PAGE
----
“Love Actually” director Richard Curtis said when he reflects on his iconic Christmas film, the lack of diversity in the cast now makes him feel “a bit stupid.”
“There are things that you would change, but thank God society is changing,” Curtis said during Diane Sawyer’s ABC News special “The Laughter & Secrets of Love Actually: 20 Years Later.” “My film is bound in some moments to feel out of date. The lack of diversity makes me feel uncomfortable and a bit stupid.”
Actors Hugh Grant and Kiera Knightley attend the UK charity film premiere of “Love Actually” at The Odeon Leicester Square on November 16, 2003, in London. (Getty)
“There is such extraordinary love that goes on every minute in so many ways, all the way around the world, and makes me wish my film was better,” he added.
Critics have noted that only one main actor in the ensemble, Chiwetel Ejiofor, is not White, and all the film’s featured relationships are heterosexual.
Fox News Radio host Jimmy Failla suggested it doesn’t bother most moviegoers. He used two recent Disney films, “Buzz Lightyear” and “Strange World,” as examples of films with “woke” themes or progressive plot lines that fared poorly at the box office. Recent reports show that the latter bombed on Thanksgiving weekend and is expected to lose at least $100 million.
“Richard Curtis clearly didn’t get the memo from movie goers that NOBODY is going to the theater because of social justice issues,” Failla told Fox News Digital. “Disney’s woke Buzz Lightyear film tanked at the box office and so did their latest ‘Strange World.’ Not to mention that Billy Eichner’s gay rom com bombed so bad you’ll get stopped by TSA for carrying a copy onto a plane.”
Hugh Grant (Photo by Jun Sato/WireImage) (Jun Sato/WireImage)
“People go to the movies to be entertained,” he later added. “Not to be virtue signaled too. This apology is a mistake, actually.”
Comedian Karith Foster, founder and CEO of INVERSITY Solutions, offered that Curtis was being “too hard on himself” and argued that “Love Actually” has quite a few diverse storylines. The film features multiple bi-racial relationships and sensitively touches on one character’s struggle with mental illness.
“Love Actually is without question one of my all-time top 5 favorite movies,” she told Fox Digital. “I think Richard Curtis is being way too hard on himself. He is entitled to feel how he feels, but I think he’s making the common mistake many do right now when they siphon diversity down to just one or two attributes- making diversity ONLY about ethnicity [race] and sexuality [LGBTQIA+].”
“That is tragically what keeps everyone from being enrolled in celebrating diversity and being truly inclusive,” Foster continued. “We are limiting the definition of diversity when we should be expanding it to include everyone all of their attributes visible and non-visible; even diversity of thoughts and ideas [viewpoint diversity].”
Fox News Digital has reached out to Richard Curtis for comment.
Curtis isn’t the first Hollywood figure to regret participating in a film or TV show that they believe has not aged well, as observed by conservative film critic Christian Toto, editor of HollywoodinToto.com. He said the “Love Actually” director’s comments square with a growing trend.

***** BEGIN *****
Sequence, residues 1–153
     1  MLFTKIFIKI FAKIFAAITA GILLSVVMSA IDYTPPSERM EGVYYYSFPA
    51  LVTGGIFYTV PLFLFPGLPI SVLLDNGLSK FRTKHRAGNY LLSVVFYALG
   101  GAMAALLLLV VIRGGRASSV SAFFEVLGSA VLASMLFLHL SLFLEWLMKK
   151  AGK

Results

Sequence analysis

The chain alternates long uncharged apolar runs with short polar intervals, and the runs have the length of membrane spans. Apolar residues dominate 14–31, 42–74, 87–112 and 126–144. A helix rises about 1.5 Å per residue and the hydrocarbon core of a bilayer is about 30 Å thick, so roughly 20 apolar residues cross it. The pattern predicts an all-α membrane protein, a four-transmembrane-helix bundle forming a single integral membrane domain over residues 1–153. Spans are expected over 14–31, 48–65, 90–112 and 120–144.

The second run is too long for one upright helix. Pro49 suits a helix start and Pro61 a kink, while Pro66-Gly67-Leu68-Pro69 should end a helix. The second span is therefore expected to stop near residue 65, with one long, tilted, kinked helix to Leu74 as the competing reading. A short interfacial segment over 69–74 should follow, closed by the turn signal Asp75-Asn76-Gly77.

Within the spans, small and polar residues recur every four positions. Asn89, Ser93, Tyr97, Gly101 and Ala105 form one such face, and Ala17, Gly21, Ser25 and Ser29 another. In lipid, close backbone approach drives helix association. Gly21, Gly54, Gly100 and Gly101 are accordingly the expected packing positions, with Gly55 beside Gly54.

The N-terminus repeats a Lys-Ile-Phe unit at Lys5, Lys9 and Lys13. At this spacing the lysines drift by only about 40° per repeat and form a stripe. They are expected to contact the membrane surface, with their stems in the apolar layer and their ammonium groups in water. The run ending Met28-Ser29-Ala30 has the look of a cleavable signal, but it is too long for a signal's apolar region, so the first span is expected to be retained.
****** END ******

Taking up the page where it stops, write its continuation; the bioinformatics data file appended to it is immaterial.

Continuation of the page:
“Curtis’ interview about the film and its legacy is hardly shocking,” Toto told Fox News Digital. “Actors and directors routinely give fresh interviews in which they disparage their older work, even films less than 20 years old. Both Seth Rogen and Jonah Hill have criticized their 2007 smash ‘Superbad’ for not being woke enough, for example.”
The “Friends” creators have said they “didn’t intend to have an all-white cast.” (Alice S. Hall/NBCU Photo Bank/NBCUniversal via Getty Images via Getty Images)
Both Hill and Rogen haven’t been kind in their recent analyses of “Superbad,” suggesting the popular film, centered on two teenage boys trying to score alcohol for a party, had themes of toxic masculinity and, according to Rogen, blatant homophobia.
“There are probably some jokes in ‘Superbad’ that are bordering on blatantly homophobic at times,” Rogen, star and screenwriter for the film, told The Guardian. “They’re all in the voice of high school kids, who do speak like that, but I think we’d also be silly not to acknowledge that we also were, to some degree, glamorizing that type of language in a lot of ways.”
And although “Friends” will always have its loyal cult following, the show’s creators have found themselves answering why it featured an all-White cast, saying the makeup wasn’t a “conscious” decision. Last year they admitted some changes would be made if they’d made the show today.
“If we did ‘Friends’ today, no, I don’t imagine they would probably end up being an all-white cast,” director and executive producer Kevin Bright said last year.
“These interviews also clash with reality,” Toto said of recent Hollywood regrets. “Most people adore ‘Love Actually’ and aren’t re-watching it each holiday season to count up the number of diverse faces on screen. Folks like Curtis are trying to appease their fellow liberals, the industry and journalists who feast on these confessionals.”
“The fans who love the works in question aren’t factored into the conversation,” he added. “In an odd way, they don’t count.”
Foster said she wouldn’t change a thing about one of her favorite flicks.
“It is easy and quite common to look back at a piece of work one has done and contemplate what you could have done better or differently because you’ve changed or the times have change- but I think Mr. Curtis created a classic movie in 2003 and just as it was then it is perfect just the way it is,” she said.
Cortney O’Brien is an Editor at Fox News. Twitter: @obrienc2